Imagine a world without cavities. Since 2005, that’s exactly what Jose Cordova of Yale University and Erich Astudillo from the University of Chile have done. Their efforts have netted them the discovery of a molecule that could revolutionize dental care by actively fighting tooth decay. Erlanger dentist Dr. Darlene Henry discusses the discovery and what it could mean for the future of human teeth.

The Basics of Tooth Decay

Tooth decay is almost as common as the cold. In fact, cavities are the number one disease in children. The accolades for this achievement go to the bacteria Streptococcus mutans, or S. mutans, which metabolize refined sugar and turn it into lactic acid. They do not need oxygen, so they favor sneaking into the tight spaces between adjacent teeth and quietly mounting acid attacks against your teeth every time you eat or drink. S. mutans inhabits the oral cavity and contributes to the formation of plaque (bacterial plaque). The only way to effectively protect your teeth from the decay it can cause is to neutralize its acid production. Traditionally, this is done by brushing and flossing your teeth at least twice a day, attending your six month dental checkup, and refraining from sugary foods and beverages like candy, sweets, fruit juices, and sodas.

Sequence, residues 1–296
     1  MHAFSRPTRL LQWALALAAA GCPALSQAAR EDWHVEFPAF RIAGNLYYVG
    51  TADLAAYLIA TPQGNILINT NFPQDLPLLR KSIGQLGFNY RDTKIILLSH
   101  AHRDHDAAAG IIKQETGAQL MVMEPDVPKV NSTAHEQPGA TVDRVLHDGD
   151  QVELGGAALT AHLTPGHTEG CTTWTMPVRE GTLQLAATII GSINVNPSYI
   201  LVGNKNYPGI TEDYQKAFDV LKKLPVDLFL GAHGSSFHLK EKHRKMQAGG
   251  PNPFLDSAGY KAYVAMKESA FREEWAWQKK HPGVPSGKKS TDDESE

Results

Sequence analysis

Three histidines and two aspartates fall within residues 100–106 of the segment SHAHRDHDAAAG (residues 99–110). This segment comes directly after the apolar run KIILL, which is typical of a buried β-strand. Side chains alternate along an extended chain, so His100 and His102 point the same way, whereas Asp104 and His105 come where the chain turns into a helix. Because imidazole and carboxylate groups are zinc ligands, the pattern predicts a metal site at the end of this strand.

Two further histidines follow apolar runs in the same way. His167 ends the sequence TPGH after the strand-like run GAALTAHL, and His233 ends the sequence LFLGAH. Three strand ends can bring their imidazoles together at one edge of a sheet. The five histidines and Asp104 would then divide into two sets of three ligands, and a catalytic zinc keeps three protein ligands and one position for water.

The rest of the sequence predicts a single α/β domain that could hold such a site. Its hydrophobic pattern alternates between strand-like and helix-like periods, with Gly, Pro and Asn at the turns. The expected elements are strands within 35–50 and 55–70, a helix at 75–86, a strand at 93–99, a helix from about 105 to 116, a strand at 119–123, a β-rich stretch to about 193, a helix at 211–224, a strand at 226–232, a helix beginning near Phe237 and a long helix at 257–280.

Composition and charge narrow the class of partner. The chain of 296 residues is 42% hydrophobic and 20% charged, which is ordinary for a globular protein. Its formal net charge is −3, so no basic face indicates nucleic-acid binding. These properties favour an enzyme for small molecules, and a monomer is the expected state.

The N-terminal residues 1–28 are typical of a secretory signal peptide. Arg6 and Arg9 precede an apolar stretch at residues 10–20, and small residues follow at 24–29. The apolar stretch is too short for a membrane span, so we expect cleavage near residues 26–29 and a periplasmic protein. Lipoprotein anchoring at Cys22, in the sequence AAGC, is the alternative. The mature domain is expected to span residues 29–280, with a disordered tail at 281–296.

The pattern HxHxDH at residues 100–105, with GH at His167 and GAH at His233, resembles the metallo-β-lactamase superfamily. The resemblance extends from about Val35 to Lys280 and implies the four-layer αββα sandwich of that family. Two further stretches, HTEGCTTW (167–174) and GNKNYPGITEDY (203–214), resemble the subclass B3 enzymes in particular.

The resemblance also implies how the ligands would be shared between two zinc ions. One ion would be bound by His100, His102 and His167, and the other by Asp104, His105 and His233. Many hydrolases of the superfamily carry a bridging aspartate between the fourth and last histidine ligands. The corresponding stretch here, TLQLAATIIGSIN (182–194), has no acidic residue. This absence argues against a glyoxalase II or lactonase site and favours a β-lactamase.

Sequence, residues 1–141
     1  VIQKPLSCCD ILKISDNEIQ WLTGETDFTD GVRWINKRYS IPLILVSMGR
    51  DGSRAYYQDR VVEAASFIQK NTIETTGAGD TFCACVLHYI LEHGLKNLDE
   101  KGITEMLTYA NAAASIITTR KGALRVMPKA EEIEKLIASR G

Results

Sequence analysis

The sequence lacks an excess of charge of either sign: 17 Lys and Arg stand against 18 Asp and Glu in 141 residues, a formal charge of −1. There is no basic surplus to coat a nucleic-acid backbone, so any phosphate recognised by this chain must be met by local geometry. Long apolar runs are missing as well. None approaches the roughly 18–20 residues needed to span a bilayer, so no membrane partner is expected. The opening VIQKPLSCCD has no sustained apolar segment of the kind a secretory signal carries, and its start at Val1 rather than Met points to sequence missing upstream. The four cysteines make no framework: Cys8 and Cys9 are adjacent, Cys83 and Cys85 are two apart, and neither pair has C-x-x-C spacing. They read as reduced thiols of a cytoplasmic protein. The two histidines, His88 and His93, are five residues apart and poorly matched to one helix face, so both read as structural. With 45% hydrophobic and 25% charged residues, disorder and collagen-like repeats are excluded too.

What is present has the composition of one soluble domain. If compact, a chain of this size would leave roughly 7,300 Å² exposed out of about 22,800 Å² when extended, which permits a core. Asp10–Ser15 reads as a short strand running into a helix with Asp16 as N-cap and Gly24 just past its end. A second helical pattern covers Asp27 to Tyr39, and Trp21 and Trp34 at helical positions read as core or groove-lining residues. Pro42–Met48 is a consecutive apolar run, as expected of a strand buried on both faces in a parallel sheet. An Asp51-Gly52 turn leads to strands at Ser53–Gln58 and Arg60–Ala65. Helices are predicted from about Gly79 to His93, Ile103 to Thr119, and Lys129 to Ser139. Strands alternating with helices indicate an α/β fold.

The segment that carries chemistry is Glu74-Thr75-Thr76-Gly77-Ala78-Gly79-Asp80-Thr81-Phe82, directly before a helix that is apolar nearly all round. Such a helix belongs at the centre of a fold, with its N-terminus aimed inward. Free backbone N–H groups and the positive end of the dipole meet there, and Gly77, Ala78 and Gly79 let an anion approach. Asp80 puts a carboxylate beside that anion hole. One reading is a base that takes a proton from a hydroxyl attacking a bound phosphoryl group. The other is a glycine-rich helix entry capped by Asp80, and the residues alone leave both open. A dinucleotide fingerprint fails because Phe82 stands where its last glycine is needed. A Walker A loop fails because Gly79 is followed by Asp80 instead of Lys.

Going on the Offensive

In order to reduce the rate of the tooth decay epidemic, Cordova and Astudillo began researching ways to actively fight the formation of decay, instead of just protecting against it. The molecule they’ve discovered, which they’ve named Keep 32 after the number of teeth in a human mouth, actively seeks and kills the S. mutans bacteria. The molecule can be incorporated into products like toothpaste, mouthwash, or candy, and for the first time in human history, can pave the way for cavity-proof teeth. The researchers have several parties interested in investing, and are awaiting trials on humans.

In the meantime, be sure to continue your daily oral hygiene routine, and visit Dr. Henry at least once every six months for a thorough checkup. To learn more about your oral health, or to schedule a consultation, call our Erlanger, Kentucky dentist’s office at (859) 344-8500.